The SPCA could soon return to Campbell River as the society has found a spot for its new animal education and adoption centre.
The BC SPCA has put forward a zoning amendment application in order to open its centre at 891 13th Avenue, the former Francophone Association of Campbell River building which is next to the Navy League Hall and just down the road from Campbell River Common mall.
The zoning application was before council Tuesday night to permit an education and adoption centre as an intended use under the current zoning.
Chris Osborne, city planner, said in a report to council that the proposed use is consistent with what is already permitted on the property and was recommending council approve the zoning change.
“The proposed additional use to the (current) commercial one zone would be consistent with the Official Community Plan, subject to being limited to locations west of Dogwood Street and contained within an enclosed building,” Osborne wrote. “The greatest concern with the proposed use is the impact on adjacent properties due to noise and odour.”
Stephanie Arkwright, who was hired in the fall to be the Campbell River branch manager, said that at a neighbourhood meeting to discuss the proposal with area businesses and residents, the issue of noise was put to rest.
“We did discuss the fact that we would have a minimal number of dogs at the centre and that barking would not be a concern,” said Arkwright who mentioned after the SPCA’s last community meeting in October that there would only be a few dogs at the centre at one time. Arkwright said only one person showed up for the meeting and he didn’t appear to have any concerns.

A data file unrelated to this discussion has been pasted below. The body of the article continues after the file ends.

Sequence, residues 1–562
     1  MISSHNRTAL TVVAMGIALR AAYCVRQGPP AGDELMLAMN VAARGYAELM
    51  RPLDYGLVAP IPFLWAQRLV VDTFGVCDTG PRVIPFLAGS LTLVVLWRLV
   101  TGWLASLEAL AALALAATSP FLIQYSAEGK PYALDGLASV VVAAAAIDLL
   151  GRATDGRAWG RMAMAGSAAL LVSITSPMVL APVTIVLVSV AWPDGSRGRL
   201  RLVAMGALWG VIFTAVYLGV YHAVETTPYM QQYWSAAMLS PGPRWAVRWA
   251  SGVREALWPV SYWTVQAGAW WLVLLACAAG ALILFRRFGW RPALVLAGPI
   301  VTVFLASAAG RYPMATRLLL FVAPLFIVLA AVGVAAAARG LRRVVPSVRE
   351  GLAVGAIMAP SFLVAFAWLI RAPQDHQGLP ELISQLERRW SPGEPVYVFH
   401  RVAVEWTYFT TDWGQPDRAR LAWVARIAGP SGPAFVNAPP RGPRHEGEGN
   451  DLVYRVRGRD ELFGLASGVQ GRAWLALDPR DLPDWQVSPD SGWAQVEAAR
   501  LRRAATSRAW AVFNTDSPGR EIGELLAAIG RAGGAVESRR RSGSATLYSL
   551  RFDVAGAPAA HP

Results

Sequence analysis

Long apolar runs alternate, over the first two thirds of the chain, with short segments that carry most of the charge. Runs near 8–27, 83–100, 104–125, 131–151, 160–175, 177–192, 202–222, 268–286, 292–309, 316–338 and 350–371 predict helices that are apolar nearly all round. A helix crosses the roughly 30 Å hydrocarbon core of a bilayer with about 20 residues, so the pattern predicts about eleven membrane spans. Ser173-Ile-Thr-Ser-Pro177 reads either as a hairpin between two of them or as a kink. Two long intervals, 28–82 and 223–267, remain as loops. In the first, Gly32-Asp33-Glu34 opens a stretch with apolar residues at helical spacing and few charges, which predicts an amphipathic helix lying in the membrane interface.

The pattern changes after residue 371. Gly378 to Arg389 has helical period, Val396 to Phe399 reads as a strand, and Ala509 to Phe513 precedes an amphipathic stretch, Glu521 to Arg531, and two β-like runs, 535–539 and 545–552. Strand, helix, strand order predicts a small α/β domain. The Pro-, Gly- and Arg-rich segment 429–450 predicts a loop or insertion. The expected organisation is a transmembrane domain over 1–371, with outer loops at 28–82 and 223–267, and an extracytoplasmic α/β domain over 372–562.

The SPCA has been without a shelter since last Easter weekend when the society closed its local branch after city council awarded its animal pound contract to Coastal Animal Control. Losing out on that funding left the SPCA with a deficit that it said it couldn’t sustain.
Public rallies and a tremendous outpouring of support for the SPCA prompted the society’s Chief Executive Officer Craig Daniell to announce shortly after the SPCA closure that the society would return to the city but under a smaller-scale model.
The SPCA revealed in August that it would be moving into the Maritime Heritage Centre but city council felt housing an animal shelter in the tourist centre was not appropriate.
Since then, the SPCA had been keeping quiet on a location for its adoption centre.
Osborne said in his report to council that city staff have worked closely with the SPCA to look at several properties throughout the city before finally settling on the 13th Avenue property.
Council was expected to consider the zoning change to accommodate the SPCA at its regular meeting Tuesday evening after the Mirror went to press.